(617) 355-3538
(617) 730-0267
One Autumn Street, Room 541
Boston, MA 012215

Elissa R. Weitzman, SCD, MSC -- Faculty

Assistant Professor


Dr. Weitzman is Assistant Professor of Pediatrics at Harvard Medical School and Adolescent Medicine at Children’s Hospital Boston. She received her Masters and Doctorate from the Harvard School of Public Health, and completed a post-doctoral training fellowship in Medical Ethics in the Division of Social Medicine at Harvard Medical School. A social behavioral scientist and psychiatric epidemiologist, Weitzman’s research focuses on intersecting epidemics of pediatric-onset chronic disease, mental health and substance use problems. Weitzman is also pioneering “citizen science” approaches to population health research. In studies situated within pediatric biobanks, registries and cohort investigations, she is exploring how use of patient-centered approaches to collecting health information coupled with return of processed and contextualizing information to cohorts may drive ongoing research engagement and health protecting behaviors. Her work has been featured in scholarly journals, in advisory roles to NIH, CDC and other public health authorities, and in reports by CNN, US News and World Reports, Psychology Today, and other media channels.


The principal focus of my research is to improve the health of adolescents and young adults, including those who are affected by chronic illness and who are at risk for complications related to their use of alcohol and other substances and experience of psychosocial problems. My studies employ multiple methods, from qualitative and narrative investigation to large sample multilevel statistics and experimental evaluations. My projects include:

  • Screening youth with chronic medical conditions for alcohol and other substance use: This project involves validating an empirically derived brief screening tool for detecting alcohol use risk among youth with chronic medical conditions (with NIAAA support). With five clinical cohorts of youth ages 9-18 years, we are establishing the psychometric properties of the tool and the epidemiology of substance use behaviors in relation to chronic disease measures
  • Population patterns of substance use among youth with chronic medical conditions: Using a nationally representative dataset, we are quantifying patterns of substance use behavior among youth with a range of chronic medical conditions including in relation to their healthy peers, and establishing the prevalence, correlates and longitudinal patterns of substance use in relation to measures of disease onset, healthcare utilization and cost (with BCH support)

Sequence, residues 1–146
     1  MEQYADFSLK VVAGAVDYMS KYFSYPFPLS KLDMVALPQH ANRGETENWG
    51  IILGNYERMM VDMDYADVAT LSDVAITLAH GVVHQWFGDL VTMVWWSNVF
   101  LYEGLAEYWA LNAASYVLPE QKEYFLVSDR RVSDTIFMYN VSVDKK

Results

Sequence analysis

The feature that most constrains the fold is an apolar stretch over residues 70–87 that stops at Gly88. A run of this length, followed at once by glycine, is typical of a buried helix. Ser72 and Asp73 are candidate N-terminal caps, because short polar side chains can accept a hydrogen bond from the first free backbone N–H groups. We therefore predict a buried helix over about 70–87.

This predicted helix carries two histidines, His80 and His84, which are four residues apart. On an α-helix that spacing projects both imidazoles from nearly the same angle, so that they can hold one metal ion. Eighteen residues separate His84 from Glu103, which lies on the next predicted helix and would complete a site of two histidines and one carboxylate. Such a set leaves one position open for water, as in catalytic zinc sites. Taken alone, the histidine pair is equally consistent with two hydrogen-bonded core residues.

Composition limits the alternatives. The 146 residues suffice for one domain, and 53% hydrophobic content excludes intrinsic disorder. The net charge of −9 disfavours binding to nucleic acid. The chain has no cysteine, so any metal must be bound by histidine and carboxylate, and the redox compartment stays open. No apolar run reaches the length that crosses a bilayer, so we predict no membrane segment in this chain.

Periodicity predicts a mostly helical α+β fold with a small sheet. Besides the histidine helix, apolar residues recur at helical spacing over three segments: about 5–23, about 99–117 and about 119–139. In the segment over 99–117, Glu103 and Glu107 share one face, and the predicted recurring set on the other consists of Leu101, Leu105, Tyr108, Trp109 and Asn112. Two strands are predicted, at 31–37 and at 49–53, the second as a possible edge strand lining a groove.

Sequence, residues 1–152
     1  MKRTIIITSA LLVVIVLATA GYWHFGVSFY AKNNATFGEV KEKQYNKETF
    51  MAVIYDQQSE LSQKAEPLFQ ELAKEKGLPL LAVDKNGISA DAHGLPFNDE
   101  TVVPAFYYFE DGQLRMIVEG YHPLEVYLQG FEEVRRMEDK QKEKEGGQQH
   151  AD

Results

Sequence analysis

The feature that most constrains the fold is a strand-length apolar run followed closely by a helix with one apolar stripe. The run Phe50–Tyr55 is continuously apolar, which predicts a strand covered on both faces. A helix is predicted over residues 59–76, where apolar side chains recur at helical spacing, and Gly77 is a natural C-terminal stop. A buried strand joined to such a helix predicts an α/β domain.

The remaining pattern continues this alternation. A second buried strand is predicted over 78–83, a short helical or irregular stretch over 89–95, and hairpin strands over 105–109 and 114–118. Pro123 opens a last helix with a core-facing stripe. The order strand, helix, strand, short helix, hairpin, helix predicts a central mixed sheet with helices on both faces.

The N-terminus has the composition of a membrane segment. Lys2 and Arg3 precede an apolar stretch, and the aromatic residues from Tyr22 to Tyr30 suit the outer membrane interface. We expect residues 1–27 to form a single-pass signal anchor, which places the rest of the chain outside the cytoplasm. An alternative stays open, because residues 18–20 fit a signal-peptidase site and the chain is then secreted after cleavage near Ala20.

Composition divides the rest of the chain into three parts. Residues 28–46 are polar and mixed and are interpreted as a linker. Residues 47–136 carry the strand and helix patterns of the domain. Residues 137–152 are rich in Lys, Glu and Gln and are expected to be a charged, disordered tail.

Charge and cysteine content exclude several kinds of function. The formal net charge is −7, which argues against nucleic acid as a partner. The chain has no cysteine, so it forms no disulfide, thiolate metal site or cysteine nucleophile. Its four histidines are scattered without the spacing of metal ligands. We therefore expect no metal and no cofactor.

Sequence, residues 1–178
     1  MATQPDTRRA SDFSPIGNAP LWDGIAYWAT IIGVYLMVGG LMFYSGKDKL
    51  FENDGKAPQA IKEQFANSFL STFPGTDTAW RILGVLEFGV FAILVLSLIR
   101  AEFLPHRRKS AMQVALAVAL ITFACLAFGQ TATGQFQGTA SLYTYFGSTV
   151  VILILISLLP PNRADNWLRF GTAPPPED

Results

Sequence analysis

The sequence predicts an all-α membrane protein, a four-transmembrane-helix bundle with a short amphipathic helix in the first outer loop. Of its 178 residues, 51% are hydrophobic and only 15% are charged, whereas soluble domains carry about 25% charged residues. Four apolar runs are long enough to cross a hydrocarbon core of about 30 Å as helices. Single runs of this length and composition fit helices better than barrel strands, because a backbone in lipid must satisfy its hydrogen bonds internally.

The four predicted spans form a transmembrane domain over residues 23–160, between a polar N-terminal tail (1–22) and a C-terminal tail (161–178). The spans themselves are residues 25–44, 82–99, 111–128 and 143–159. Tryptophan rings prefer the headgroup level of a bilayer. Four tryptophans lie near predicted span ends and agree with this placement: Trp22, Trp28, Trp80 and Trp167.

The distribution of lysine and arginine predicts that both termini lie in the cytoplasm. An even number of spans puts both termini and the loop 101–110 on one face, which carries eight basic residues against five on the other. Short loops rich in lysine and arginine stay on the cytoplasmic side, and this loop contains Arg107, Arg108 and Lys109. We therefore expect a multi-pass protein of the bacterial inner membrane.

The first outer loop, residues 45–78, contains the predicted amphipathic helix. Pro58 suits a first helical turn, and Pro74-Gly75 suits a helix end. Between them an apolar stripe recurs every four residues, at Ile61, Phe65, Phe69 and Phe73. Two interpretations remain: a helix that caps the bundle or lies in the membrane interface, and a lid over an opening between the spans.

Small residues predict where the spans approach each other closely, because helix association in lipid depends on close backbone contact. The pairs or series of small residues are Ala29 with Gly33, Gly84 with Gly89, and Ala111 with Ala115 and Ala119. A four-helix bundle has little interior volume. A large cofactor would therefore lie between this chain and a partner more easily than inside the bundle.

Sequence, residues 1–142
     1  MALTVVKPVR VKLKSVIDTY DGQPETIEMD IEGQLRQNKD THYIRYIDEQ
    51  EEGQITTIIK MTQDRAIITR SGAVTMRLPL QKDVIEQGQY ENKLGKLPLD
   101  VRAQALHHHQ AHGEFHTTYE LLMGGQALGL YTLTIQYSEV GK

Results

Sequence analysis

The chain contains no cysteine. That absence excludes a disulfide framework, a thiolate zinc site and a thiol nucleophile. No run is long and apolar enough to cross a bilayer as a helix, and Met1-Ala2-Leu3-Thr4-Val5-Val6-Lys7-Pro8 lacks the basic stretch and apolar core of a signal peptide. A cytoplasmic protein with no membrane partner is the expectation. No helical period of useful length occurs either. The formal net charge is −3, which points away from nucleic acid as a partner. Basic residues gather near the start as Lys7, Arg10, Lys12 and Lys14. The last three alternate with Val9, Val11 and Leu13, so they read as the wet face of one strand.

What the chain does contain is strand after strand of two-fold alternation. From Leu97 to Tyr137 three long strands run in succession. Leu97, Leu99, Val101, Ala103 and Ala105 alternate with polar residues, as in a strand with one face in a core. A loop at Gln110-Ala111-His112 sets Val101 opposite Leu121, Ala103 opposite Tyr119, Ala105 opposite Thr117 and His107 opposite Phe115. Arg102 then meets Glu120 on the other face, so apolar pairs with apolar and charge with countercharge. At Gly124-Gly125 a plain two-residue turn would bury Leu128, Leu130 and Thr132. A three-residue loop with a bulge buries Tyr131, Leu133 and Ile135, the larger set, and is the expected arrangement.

• Chronic Illness in College: Establishing national patterns of the capacity of college health centers to identify and care for college students with chronic medical conditions; and, characterizing the health outcome clinical implications of youth transition readiness and clinical support services for youth entering college with chronic medical conditions (with NIH and BCH support)
  • Social Networks and Health: Evaluating using a rigorous multi-site observational approach the quality and safety of online chronic illness-focused social networking communities for youth and young adults (with NIH support)
  • Participatory Research Approaches to  Comparative Effectiveness Research, Disease Discovery/Prevention: In two separate investigations, we are testing acceptability, utility and impacts on research engagement of enabling (a) participants in a national clinical pediatric disease registry to enter validated patient reported outcomes to the registry and to view aggregate data about disease symptoms and treatment derived from the registry (with NLM support), and by (b) enabling participants to set preferences for return of genomic research results in the context of pediatric biobank participation (with BCH and NHGRI support)
  • Health Information Technology for Health Care Transitions (HIT4HTC): Testing the model of using patient-facing health information technologies to support vulnerable chronically ill youth as they move across care settings, with a focus on improving quality, timeliness and comprehensiveness of health information available to guide self-care and clinical care decisions (with NIH and BCH support)
  • Building clinician capacity to address substance use among adolescents: Working in four advanced training sites for biomedical education, we are training faculty and students in state-of-the-art approaches to screening, brief negotiated intervention and referral to treatment and investigating structural barriers to sustainable institutionalization of these practices within healthcare settings (with SAMHSA support)

Clinical Interests

  • Substance use behaviors and mental health risk among youth with chronic medical conditions
  • Comprehensive care models for chronically ill youth
  • Health care transitions
  • "Citizen science" and participatory research
  • Social media surveillance of health behaviors


  • Children’s Hospital Informatics Program at the Harvard-MIT Division of Health Sciences and Technology, Children’s Hospital Boston
  • Division of Adolescent Medicine, Children’s Hospital Boston
  • Department of Pediatrics, Harvard Medical School